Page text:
Preparing Your Epi-Dog For The Solar Eclipse

Article Updated 04/04/2024
There is a lot of buzz about the upcoming solar eclipse, especially for folks who are in the path of totality. No matter where you live, if you plan on watching the solar eclipse, aside from protecting your eyes from “eclipse blindness” with special American Astronomical Society approved eclipse glasses, but did you know that the eclipse could have an affect on your Epi-dog (epileptic dog)?

With the simulation of “night” as the sun is covered by the moon, animals may go into a nocturnal mode, or seem restless or confused, while others, will be unfazed. However, the excitement of the eclipse by humans could create excitement in our dogs, whether they have epilepsy or not, as they pick up on our energy and moods. The same as with non-epileptic dogs, if there is a lot of noise, whistling, clapping, or fireworks to celebrate, dogs could be frightened and attempt to escape. As with any loud or stressful holiday or event, be sure to have your pets securely and safely kept away from opening and closing doors, and keep their collars on with up-to-date ID and microchip tags, just in case they slip out during the commotion, or while you are eclipse gazing (only with the certified eclipse glasses, of course). And, as with any lunar phases, solar flares, changes to the Earth’s magnetic field, and/or environmental shifts, the eclipse could also be a possible trigger for your Epi-dog.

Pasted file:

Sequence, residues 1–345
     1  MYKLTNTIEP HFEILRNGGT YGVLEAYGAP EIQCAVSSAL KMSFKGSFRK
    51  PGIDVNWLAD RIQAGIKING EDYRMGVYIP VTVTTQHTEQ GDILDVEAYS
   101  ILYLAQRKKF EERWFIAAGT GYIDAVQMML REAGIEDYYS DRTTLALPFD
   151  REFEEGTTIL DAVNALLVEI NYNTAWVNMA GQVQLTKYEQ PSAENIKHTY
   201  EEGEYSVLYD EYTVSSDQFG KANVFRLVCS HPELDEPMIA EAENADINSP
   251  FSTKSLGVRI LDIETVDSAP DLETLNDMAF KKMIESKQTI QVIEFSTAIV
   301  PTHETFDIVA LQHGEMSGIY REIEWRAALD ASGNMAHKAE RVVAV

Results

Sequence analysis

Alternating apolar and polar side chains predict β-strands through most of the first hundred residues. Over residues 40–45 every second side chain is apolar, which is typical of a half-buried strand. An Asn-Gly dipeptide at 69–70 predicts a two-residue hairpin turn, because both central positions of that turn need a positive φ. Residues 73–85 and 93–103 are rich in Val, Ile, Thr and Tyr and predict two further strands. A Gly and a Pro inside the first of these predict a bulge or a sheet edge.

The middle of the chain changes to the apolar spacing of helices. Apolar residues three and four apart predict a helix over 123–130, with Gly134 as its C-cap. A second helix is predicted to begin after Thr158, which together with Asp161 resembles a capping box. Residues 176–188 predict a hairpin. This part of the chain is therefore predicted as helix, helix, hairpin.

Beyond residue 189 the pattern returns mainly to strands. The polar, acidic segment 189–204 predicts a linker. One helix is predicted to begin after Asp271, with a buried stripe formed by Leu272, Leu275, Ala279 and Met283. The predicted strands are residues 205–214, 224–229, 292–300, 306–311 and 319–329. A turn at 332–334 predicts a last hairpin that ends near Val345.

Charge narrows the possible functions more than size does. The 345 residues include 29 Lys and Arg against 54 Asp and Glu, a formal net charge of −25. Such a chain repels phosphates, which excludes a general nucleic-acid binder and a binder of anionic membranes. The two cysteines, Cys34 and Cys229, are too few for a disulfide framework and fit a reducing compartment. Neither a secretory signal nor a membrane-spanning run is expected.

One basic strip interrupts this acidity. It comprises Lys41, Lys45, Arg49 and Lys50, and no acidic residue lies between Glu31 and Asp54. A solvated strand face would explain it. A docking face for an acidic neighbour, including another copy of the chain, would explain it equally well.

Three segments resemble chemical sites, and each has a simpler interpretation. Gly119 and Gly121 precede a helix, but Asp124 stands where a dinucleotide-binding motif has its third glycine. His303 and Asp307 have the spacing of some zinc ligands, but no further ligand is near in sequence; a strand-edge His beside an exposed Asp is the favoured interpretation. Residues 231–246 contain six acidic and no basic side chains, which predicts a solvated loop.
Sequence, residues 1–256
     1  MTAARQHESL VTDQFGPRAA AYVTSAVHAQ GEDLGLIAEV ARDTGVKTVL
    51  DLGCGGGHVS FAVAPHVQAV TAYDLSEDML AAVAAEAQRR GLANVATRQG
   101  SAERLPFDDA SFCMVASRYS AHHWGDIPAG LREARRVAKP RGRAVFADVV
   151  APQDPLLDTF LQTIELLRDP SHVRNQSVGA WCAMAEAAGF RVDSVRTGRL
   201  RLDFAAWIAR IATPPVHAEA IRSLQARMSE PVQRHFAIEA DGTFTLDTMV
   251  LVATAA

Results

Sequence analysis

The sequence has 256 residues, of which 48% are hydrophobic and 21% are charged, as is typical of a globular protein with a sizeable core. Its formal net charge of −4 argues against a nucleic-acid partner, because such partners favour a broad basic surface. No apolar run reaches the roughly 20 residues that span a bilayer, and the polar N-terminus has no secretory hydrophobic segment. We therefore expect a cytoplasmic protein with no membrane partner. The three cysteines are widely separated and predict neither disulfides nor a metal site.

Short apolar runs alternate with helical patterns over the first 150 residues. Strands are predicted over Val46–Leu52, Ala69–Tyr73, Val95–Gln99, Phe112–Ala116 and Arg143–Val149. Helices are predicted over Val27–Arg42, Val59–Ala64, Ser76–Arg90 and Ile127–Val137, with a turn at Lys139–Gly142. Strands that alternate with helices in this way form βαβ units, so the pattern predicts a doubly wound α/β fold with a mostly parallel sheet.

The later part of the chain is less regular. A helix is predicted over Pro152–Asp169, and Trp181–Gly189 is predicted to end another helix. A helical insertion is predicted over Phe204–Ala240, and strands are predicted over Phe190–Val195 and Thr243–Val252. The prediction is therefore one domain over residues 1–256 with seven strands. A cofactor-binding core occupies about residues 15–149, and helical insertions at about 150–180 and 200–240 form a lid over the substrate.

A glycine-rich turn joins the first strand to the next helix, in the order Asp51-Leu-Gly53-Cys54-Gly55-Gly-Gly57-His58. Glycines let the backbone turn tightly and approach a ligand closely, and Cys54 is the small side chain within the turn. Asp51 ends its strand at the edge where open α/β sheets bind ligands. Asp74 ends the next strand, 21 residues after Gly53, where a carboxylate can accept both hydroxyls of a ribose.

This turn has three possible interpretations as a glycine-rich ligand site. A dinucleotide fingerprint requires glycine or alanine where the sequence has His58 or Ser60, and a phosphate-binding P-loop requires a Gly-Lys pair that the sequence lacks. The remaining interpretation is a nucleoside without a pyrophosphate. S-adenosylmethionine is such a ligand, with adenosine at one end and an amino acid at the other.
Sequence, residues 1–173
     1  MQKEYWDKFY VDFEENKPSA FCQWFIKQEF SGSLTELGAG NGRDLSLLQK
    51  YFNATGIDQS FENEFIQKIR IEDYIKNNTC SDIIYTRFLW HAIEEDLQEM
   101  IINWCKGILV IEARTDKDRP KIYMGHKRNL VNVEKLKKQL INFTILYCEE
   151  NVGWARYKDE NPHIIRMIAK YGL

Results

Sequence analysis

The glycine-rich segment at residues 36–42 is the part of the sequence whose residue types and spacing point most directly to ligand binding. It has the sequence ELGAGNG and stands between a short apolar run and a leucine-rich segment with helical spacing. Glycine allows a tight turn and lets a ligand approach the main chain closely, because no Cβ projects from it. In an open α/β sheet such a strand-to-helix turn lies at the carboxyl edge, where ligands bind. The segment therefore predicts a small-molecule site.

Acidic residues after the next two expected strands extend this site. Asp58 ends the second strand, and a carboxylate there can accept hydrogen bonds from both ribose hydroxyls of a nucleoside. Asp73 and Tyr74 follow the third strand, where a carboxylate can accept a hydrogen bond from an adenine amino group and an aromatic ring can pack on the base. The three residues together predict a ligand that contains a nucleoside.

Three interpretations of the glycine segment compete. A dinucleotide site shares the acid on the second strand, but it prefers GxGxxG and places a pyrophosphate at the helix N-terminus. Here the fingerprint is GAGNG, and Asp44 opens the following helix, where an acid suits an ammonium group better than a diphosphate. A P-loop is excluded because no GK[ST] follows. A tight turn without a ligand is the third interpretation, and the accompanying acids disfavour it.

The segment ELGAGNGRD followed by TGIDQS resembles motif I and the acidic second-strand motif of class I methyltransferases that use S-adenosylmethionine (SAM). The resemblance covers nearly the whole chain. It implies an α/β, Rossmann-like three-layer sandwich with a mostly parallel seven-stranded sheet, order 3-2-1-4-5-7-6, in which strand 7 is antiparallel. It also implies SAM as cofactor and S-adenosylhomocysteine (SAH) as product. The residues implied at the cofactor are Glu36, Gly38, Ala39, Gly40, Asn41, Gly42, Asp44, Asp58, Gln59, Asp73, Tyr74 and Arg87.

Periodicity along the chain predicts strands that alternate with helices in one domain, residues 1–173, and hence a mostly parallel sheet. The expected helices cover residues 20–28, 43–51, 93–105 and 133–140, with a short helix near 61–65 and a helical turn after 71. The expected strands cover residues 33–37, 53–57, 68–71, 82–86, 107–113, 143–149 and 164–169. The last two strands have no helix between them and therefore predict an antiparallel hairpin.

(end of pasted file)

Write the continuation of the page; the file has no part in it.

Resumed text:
Be Sure To Check Out Our Epi-Dog Preparation Tips for Eclipse Further Down in Article!
From a different perspectives - vision - I'm sharing these video tips from a board certified veterinary opthalmologist, Dr. Josh Broadwater:

 Keep Them Safe!
Another point to consider is that this eclipse is going to bring a lot of traffic from folks wanting to see the eclipse. Be sure to keep your dog safely indoors, and have their tags and microchips up to date in the event that in all the excitement, they escape.
The Companion Animal Epilepsy Research Lab at North Carolina State University-College of Veterinary Medicine have shared this interesting information with us about "A citizen science article on some animal responses during the 2017 eclipse-we do not know what effect a solar eclipse has on epilepsy in dogs...however, wanted to share the following article based on the 2017 Eclipse and some animal behaviors that may be of interest."